Resettling flood victims

Published: August 21, 2015
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ISLAMABAD: Every year, floods wreak havoc across the country. Our so-called welfare state is unable to resolve this gigantic problem. The recent floods have affected over one million people, exposing the widening gap between different institutions and their inability to effectively respond to emergencies. Given that there is a likelihood of flooding every year due to torrential monsoon rains, the National Disaster Management Authority (NDMA) and the Provincial Disaster Management Authority (PDMA) should have convened to formulate policies. Unfortunately, the psychological mindset of our stakeholders is elitist, instead of service-oriented. They seem ignorant of peoples’ suffering. Some of the causes of floods are lack of proper urban management, no solid waste management system, no scientific utilisation of planning, unrestricted dumping of solid waste and illegal sand mining. Settlement of people near rivers has also added to the plethora of problems. To solve the issue, the federal and provincial governments should allocate a generous amount of resources to disaster management, inter alia, implementation of disaster reduction strategies, policies, laws and regulation by streamlining all institutions. Engagement of all state institutions is vital in this regard.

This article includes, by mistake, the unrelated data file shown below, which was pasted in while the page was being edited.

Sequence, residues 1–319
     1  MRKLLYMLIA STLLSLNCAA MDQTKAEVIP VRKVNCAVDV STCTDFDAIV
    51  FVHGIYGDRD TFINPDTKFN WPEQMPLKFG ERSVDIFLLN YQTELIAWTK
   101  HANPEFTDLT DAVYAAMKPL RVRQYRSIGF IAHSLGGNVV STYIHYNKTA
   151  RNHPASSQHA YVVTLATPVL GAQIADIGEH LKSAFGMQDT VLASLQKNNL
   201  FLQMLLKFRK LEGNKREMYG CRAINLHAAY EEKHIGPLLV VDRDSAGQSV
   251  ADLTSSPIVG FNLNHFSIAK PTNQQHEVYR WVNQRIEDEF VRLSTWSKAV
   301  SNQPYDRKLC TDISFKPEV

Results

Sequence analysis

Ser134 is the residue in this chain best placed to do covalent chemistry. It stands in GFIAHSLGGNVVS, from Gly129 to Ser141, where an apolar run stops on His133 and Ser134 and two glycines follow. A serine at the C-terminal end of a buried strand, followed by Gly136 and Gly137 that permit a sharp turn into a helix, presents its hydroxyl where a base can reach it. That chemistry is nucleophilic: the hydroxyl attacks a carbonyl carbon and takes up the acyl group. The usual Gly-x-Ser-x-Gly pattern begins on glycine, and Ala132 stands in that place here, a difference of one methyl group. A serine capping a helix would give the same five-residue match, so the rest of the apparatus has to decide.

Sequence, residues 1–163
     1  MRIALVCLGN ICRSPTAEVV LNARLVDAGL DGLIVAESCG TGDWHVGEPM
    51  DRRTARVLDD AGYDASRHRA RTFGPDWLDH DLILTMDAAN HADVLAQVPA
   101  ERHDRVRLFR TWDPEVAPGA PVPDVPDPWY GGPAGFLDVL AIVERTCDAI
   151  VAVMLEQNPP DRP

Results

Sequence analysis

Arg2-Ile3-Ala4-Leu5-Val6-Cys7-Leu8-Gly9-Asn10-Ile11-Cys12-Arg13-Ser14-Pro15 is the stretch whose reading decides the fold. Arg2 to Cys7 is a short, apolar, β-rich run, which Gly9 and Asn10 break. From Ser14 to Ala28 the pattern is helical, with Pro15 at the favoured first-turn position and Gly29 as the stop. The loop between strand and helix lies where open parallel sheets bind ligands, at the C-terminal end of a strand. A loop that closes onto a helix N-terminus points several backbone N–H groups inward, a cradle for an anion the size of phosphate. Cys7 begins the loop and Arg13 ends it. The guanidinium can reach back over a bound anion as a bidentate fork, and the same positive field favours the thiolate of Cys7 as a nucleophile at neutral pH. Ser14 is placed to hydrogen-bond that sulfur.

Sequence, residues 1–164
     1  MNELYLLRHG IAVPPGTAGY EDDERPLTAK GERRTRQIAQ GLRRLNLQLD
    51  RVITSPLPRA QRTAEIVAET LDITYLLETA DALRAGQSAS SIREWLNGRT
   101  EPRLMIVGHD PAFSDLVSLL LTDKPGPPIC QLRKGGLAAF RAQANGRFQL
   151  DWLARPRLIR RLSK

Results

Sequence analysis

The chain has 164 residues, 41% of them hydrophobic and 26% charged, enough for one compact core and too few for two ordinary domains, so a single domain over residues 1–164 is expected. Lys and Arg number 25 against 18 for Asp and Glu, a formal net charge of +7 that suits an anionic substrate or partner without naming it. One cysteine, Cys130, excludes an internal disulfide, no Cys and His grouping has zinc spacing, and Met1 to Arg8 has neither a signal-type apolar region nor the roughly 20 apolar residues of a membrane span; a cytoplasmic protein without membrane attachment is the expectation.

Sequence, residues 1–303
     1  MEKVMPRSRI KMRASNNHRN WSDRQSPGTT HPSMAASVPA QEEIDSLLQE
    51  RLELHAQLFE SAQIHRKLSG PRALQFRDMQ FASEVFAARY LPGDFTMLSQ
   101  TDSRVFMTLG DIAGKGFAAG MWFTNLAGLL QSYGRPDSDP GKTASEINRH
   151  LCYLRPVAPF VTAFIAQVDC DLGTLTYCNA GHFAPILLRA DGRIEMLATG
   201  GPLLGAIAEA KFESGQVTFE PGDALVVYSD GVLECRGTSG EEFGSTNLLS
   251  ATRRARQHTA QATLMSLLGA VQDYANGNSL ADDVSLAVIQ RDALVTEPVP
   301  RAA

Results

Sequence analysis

Similarly, land-use policy development and implementation is sine qua non for disaster reduction. There are many sewages passing through the biggest cities of Pakistan, which are continuously damaging the lives and assets of people. The government should make alternative arrangements for the people living near the sewages and resettle them so as to decrease their risk of being exposed to diseases or other harm. With the establishment of proper housing plans and development of building codes, the government can significantly reduce damages. The federal government should also empower local authorities via decentralisation and allocate resources for the proper formulation and implementation of policies. Needless to say, training of government officials is a prerequisite to honing the skills needed to manage scientifically, make decisions and formulate prescient policies. Similarly, there must be proper accounting of disaster risk in the form of scientific collection of data, manuals, mapping standards, operating procedures and estimates. There must also be proper coordination between the NDMA and the PDMAs for coherent policies and sustainable development. Lastly, there must be technical assessment of flood impacts on agriculture, health, housing and education. With the help of these assessments, it will be easy for district administrators to resettle flood-affected people.

Muhammad Wajid Munir

Published in The Express Tribune, August 21st,  2015.

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